Specifying DMA_IN implies a read from the VMEbus to system memory. Specifying DMA_OUT implies a write from system memory to the VMEbus. You use the vba_set_dma_addr interface to pass the flag values and the VMEbus address at which the transfer is to occur.

The VMEbus block-mode DMA engine on the VMEbus adapter is a single entity that must be shared among various device drivers. Specifying DMA_SLEEP causes the device driver to block in the vba_dma interface if the DMA engine is already being utilized. If DMA_SLEEP is not specified and the DMA engine is being utilized, vba_dma returns an error indication.

The following sample code shows how to invoke the MBLT hardware DMA engine for a block-mode read operation. The code uses a VMEbus transfer width of D32 to invoke a 256 KB transfer from VMEbus address A24 0x400000 to system memory. The code also allocates resources to handle transfers up to 1 MB in size. This allows dma_map_load and vba_dma to be invoked multiple times with varying size buffers. You can change the code to perform writes by substituting DMA_OUT for DMA_IN.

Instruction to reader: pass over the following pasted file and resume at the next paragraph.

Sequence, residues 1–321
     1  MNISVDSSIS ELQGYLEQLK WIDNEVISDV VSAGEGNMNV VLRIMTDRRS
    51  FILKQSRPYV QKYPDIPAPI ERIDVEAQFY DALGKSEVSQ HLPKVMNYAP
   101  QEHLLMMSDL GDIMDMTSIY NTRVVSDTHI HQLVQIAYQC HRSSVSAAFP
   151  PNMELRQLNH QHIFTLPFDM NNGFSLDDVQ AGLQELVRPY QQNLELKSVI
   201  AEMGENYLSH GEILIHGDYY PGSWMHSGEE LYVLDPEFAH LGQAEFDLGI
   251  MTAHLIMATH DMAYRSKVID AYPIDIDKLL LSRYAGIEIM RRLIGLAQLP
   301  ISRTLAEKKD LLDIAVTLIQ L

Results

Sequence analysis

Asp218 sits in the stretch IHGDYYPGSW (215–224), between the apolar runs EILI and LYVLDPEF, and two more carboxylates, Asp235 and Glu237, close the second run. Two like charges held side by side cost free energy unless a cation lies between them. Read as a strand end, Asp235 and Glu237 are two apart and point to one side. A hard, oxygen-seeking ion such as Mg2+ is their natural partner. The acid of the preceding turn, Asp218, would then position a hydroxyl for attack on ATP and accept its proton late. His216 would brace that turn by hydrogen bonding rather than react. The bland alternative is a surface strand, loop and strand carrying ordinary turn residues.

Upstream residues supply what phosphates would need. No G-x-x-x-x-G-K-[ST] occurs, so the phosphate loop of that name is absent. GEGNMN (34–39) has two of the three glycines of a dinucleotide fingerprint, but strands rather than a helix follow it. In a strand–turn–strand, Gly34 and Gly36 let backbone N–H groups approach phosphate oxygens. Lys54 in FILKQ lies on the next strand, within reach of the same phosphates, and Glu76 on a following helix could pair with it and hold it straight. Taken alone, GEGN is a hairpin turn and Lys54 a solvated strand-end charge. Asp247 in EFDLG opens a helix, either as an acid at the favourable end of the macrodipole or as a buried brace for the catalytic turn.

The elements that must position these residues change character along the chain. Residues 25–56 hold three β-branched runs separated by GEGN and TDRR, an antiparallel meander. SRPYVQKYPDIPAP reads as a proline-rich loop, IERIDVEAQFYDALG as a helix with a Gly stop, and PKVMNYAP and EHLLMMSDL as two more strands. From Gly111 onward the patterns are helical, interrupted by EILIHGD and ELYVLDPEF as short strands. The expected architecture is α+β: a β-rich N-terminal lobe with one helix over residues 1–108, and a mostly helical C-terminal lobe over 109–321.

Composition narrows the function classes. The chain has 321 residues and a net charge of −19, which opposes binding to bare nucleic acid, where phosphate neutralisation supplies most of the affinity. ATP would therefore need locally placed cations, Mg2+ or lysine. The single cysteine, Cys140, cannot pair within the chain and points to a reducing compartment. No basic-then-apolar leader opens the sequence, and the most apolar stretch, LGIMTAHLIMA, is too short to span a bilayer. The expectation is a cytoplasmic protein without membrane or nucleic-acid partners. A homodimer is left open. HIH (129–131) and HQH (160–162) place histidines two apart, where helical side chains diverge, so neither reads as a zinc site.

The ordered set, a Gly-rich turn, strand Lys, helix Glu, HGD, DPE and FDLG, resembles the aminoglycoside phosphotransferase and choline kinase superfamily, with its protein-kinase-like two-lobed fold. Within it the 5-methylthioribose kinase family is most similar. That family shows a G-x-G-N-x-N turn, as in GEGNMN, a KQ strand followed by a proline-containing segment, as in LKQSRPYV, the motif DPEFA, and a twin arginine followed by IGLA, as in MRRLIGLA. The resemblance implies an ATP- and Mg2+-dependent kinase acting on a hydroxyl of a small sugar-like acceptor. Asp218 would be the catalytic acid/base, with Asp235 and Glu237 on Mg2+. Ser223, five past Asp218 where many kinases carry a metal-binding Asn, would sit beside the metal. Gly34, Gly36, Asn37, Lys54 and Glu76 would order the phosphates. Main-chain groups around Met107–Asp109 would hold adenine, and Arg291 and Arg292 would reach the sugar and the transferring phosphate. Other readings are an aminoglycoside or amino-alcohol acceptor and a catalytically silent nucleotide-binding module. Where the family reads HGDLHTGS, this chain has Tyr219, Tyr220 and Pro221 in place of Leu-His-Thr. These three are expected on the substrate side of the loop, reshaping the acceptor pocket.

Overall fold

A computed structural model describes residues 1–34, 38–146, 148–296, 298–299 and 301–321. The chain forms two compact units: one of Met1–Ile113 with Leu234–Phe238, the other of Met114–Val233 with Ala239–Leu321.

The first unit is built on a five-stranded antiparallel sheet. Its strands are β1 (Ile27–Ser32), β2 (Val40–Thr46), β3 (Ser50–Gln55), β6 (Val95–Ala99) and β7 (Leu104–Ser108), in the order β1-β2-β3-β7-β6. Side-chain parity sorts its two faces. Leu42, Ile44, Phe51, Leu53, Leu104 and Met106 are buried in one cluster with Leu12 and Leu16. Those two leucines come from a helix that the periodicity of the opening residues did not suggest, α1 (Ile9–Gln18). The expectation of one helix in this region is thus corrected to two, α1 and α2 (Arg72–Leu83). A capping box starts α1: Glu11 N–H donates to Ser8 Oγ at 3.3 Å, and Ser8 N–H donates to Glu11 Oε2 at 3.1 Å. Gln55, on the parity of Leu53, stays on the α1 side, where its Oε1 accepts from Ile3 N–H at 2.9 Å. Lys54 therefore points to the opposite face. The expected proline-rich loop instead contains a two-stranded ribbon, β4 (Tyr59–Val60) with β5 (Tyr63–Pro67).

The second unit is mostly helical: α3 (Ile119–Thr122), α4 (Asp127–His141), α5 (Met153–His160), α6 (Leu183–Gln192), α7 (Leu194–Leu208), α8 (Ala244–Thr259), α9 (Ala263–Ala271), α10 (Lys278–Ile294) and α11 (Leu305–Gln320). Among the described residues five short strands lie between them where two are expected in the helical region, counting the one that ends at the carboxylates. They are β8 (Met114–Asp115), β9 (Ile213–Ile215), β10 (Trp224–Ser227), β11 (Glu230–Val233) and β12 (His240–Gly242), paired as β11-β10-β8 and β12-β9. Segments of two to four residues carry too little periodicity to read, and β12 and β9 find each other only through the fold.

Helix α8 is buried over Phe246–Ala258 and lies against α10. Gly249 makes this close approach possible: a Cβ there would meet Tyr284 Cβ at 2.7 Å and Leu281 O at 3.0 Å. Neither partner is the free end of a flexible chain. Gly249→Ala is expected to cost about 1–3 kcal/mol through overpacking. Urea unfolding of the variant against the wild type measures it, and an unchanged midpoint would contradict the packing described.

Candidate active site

struct controller *ctlr;
  vme_addr_t        vme_addr = 0x40000;
  unsigned long     max_bc = (1024*1024);
  unsigned long     rtn_bc;
  char              *buffer;
  unsigned long     buffer_bc = (1024 * 256);
  sglist_t          dma_handle = (sglist_t)NULL;
  vme_atype_t       flags = (VME_A24_UDATA_D32|DMA_IN|DMA_SLEEP);
  int               rtn_flags;
  /*
   *  Allocate a buffer (256 KB) to be used for the transfer
   */
  MALLOC(buffer,(char *),buffer_bc,M_DEVBUF,M_WAITOK);
  /*
   *  Specify a VMEbus address of 0x40000
   *  Specify flags
   *     A24 address space
   *     User mode
   *     Select DMA engine for a read (DMA_IN) and
   *       wait for DMA engine (DMA_SLEEP)
   */
  rtn_flags = (int)vba_set_dma_addr(ctlr,flags,vme_addr);
  /*
   *  Allocate DMA resources for up to 1 Mbyte transfer
   *    Specify flags returned from vba_set_dma_addr() above.